Minister’s Moment, November 2018
The month of November begins every year with an opportunity to remember our ancestors and this year is no different. Around the world people are heading into the coldest, darkest part of the year celebrating and honoring Samhain, Halloween, All Saints Day, All Souls Day, and Day of the Dead.
In addition to these sacred holidays, November also brings us Native American Heritage Month, Veterans Day (Nov. 11), Transgender Day of Remembrance (Nov. 20) and Thanksgiving Day (Nov. 22). These national and cultural holidays call us to remember the brave people and complex stories which came before us and make us who we are today.
So, perhaps it makes sense that our theme for November is MEMORY.
At the time of this writing, I am sitting in anguish at the possibility of our current administration narrowly redefining gender to erase transgender people. This move would contrast sharply with the broad consensus of the medical and scientific communities and is simply cruel and unnecessary. Biology is full of variations and gender and sex are not the same thing. If this happens it will harm people I love, people who have shaped me, and people who very much exist and are real in my life, in the life of this congregation, and all across history and time.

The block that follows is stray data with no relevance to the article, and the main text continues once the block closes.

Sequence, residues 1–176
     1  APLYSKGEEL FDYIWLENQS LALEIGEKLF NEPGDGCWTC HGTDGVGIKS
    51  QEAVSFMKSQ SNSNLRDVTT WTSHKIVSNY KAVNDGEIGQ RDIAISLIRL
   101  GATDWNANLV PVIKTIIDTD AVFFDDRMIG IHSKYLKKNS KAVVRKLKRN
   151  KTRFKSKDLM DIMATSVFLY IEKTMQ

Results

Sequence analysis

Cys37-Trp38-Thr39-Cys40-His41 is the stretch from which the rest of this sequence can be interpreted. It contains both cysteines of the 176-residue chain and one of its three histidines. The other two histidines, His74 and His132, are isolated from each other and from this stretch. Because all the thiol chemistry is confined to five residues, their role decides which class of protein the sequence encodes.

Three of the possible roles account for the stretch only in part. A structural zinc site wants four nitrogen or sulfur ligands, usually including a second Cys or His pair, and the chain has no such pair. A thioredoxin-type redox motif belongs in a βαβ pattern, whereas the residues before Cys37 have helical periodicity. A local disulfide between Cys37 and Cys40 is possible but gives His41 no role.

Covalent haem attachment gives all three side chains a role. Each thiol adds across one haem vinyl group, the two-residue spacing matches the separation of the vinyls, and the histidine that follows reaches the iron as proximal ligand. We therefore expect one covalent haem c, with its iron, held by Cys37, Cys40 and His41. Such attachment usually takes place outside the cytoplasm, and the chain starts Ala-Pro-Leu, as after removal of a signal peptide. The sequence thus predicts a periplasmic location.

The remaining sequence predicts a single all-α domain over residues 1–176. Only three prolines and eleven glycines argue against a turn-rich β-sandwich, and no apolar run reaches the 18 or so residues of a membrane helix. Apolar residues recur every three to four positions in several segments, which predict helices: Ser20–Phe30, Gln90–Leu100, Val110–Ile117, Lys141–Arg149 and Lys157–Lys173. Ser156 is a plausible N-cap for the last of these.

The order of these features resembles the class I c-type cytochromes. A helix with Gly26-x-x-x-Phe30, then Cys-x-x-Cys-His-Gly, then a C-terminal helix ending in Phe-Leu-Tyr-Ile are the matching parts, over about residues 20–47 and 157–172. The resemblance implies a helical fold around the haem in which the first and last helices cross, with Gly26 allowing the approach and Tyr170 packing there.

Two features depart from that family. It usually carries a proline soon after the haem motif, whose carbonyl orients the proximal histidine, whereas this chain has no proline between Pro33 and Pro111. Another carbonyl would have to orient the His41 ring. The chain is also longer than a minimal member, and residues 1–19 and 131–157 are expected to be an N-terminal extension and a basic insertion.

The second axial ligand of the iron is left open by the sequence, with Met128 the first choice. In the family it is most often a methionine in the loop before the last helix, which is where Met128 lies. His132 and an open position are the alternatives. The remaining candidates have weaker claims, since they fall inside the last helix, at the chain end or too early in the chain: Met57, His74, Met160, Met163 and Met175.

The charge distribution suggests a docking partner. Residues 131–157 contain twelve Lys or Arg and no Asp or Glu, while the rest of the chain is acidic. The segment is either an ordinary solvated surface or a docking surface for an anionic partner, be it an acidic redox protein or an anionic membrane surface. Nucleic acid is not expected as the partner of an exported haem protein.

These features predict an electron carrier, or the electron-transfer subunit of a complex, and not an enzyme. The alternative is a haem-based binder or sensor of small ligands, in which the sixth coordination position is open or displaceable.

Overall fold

So, as we remember our ancestors and our history this month let’s be sure to remember transgender people. Let’s tell their stories, say their names, and recommit to making the world safe for them.
Let’s remember the veterans who fought for all of us and our responsibility as a nation to make sure they have the services and care they need when they come home.
Let’s remember the difficult history of racism in America and work to heal this wound.
Let’s remember the Native Americans on who’s land we live and who’s stories we entered into with great respect and commitment to support native people.
Let’s remember that we did not make ourselves. As Rev. Rebecca Parker says, “We receive who we are before we choose who we will become.” In other words, we are born into a story already being told.
As we spend time at PCUU this month remembering, perhaps you can take some time at home to do the same. Remember your ancestors. Tell their stories around your Thanksgiving table. These people paved the way for us to be here. It is our job now to remember them, carry on their work, and continue to fight for justice, freedom, and equality. Whatever happens, we owe it to them to keep going.